Economic and financial experts across Australia believe that the Reserve Bank of Australia (RBA
) will leave the cash rate on hold at 1.5% today.
All 35 economists surveyed by finder.com.au
in the site’s monthly cash rate survey made the call that the RBA will keep rates on hold. If correct, this will mean an entire year without change with the last movement occurring with a rate cut on 3 August 2016.
“Last month, the Reserve Bank of Australia made it clear that its current monetary policy setting is appropriate for the time being and I believe this will continue to be the case at the August Board meeting,” said Jessica Darnbrough
, head of corporate affairs at Mortgage Choice
For Richard Robinson, associate director of economics at BIS Oxford Economics, the RBA is between a rock and a hard place.
“Although RBA would like to cut rates to take upward pressure off the Australian dollar, it can't cut rates as it fears re-stoking the residential property market. With inflation low and particularly wages growth very low, there is no need to raise rates for at least two years.”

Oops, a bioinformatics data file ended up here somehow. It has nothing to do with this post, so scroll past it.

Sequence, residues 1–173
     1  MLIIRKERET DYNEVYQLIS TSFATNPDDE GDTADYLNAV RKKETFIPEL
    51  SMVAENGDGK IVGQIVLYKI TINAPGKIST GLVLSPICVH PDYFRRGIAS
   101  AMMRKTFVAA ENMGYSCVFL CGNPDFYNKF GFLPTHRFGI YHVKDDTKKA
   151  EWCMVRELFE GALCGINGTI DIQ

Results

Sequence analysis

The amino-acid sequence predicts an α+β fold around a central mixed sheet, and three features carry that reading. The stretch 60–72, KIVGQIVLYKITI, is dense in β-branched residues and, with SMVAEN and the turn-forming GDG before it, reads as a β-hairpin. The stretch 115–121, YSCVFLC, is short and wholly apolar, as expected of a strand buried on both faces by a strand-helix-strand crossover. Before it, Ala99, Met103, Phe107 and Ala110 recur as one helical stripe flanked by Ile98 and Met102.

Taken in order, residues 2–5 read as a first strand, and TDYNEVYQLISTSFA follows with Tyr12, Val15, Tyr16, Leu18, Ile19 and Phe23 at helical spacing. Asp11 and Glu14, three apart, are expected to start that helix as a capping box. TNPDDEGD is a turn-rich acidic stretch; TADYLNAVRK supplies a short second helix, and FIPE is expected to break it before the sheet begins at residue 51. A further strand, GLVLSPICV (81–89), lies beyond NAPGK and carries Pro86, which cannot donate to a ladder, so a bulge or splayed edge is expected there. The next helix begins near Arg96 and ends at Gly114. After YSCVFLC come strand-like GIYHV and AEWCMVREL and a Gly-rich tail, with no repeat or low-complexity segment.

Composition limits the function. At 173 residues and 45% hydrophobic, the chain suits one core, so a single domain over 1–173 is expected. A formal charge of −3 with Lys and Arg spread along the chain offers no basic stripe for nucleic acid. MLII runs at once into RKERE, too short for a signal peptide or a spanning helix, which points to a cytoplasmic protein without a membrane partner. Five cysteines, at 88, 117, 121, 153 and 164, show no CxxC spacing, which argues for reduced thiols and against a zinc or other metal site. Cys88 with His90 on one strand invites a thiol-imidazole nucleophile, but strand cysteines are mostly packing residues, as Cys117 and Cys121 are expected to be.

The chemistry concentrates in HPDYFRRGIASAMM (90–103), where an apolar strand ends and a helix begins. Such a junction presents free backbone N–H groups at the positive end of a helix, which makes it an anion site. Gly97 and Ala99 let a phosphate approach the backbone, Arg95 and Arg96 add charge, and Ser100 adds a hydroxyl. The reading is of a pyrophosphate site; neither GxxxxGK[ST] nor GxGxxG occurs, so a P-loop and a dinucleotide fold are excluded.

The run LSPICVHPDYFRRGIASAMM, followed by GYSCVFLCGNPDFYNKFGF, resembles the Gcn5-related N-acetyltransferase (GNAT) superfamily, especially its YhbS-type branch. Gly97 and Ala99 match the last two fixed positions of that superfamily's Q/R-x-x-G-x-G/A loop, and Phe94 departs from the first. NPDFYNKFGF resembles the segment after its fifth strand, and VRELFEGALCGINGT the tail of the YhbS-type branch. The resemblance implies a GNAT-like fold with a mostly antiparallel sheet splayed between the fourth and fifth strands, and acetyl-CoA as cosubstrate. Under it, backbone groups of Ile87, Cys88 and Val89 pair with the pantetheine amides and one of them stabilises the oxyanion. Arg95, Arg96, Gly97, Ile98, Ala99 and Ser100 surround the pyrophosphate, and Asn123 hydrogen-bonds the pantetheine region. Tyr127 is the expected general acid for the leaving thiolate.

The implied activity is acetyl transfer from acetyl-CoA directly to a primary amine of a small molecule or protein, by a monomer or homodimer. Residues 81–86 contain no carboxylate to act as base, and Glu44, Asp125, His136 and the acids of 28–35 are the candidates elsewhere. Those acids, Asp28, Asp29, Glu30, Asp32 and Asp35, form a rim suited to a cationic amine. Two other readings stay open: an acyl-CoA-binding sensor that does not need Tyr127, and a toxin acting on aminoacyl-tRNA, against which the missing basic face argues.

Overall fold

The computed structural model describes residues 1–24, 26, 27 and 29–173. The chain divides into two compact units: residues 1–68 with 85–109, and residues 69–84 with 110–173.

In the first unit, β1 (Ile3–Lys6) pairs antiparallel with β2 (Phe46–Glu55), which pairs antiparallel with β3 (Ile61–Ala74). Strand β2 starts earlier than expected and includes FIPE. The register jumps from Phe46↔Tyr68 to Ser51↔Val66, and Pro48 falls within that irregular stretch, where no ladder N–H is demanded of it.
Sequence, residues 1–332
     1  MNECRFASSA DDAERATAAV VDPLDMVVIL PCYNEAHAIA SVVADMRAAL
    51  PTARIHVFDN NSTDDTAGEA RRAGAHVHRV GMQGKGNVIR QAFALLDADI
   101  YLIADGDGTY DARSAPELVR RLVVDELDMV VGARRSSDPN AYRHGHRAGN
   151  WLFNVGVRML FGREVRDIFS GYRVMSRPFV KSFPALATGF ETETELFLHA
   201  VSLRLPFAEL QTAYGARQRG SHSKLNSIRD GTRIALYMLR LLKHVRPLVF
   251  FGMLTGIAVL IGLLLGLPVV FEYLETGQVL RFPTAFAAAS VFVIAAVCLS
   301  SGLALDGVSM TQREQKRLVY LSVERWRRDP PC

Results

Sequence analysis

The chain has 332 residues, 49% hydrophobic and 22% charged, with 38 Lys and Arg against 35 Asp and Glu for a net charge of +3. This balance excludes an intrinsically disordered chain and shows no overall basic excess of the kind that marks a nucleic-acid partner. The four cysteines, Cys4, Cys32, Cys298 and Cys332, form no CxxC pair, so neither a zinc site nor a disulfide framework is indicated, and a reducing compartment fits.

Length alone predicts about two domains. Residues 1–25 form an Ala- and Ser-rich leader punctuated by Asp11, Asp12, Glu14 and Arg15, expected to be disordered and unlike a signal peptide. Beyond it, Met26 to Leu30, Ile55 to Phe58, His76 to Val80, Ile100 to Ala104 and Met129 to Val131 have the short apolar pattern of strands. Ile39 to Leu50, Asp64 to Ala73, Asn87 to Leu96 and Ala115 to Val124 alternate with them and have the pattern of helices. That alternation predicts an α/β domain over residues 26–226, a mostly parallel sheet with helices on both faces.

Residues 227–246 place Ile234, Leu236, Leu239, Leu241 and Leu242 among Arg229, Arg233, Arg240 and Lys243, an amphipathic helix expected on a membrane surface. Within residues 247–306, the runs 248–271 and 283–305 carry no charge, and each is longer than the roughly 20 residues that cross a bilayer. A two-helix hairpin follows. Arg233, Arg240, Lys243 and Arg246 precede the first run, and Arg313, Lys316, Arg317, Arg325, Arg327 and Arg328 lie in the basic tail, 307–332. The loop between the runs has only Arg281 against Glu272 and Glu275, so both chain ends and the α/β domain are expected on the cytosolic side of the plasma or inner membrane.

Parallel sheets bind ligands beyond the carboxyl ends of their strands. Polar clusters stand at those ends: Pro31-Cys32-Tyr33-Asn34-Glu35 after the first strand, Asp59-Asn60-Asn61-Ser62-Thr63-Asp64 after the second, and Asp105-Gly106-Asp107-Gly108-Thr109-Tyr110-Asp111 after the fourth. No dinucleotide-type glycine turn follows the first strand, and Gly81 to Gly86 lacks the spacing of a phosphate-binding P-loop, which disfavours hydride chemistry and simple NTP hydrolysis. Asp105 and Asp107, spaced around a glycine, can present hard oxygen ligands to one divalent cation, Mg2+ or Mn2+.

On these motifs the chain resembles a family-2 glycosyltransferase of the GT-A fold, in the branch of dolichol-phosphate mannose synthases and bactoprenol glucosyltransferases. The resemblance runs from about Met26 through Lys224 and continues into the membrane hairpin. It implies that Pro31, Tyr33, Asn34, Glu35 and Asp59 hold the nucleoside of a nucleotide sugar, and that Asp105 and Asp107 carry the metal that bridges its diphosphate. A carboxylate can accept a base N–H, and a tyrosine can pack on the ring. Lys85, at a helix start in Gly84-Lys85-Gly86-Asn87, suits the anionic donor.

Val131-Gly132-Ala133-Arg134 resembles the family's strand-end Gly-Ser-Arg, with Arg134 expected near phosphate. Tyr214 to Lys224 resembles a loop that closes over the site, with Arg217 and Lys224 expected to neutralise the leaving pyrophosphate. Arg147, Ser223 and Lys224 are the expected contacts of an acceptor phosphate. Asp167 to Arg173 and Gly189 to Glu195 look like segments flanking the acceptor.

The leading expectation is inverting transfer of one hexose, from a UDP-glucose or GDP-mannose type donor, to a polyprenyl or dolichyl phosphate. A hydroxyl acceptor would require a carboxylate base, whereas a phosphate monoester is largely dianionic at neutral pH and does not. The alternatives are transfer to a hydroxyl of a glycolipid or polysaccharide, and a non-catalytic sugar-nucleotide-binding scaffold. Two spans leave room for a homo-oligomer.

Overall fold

Chris Schade, senior business analyst at non-major lender MyState, said that below trend economic performance and a high Australian dollar meant the current interest rate setting remained appropriate.
“Holding rates at their current highly accommodative level is appropriate to allow the economy to continue to gain momentum as the unwinding of the mining boom ends, the housing construction peak passes (but activity remains at a robust level for some time – ie no major drop) and, hopefully, other sectors pick up.”
Nicholas Gruen, CEO of Lateral Economics, was far more succinct when explaining why he believed rates would remain steady.
“[RBA governor] Phillip Lowe said so!” he said.
Looking ahead, the RBA Shadow Board at the Australian National University (ANU) said there was a 68% chance of a rate hike in the coming six months. This was down from the 71% predicted in July.
Likewise, there was a 25% chance the rates would remain on hold and a 7% the rates would fall in the next six months (compared to 23% and 6% respectively which were measured last month).
The RBA Shadow Board is based at the Centre for Applied Macroeconomic Analysis (CAMA) at the ANU Crawford School of Public Policy. It brings nine leading economic experts together to make a probabilistic call on the optimal setting of interest rates ahead of each monthly RBA Board meeting.
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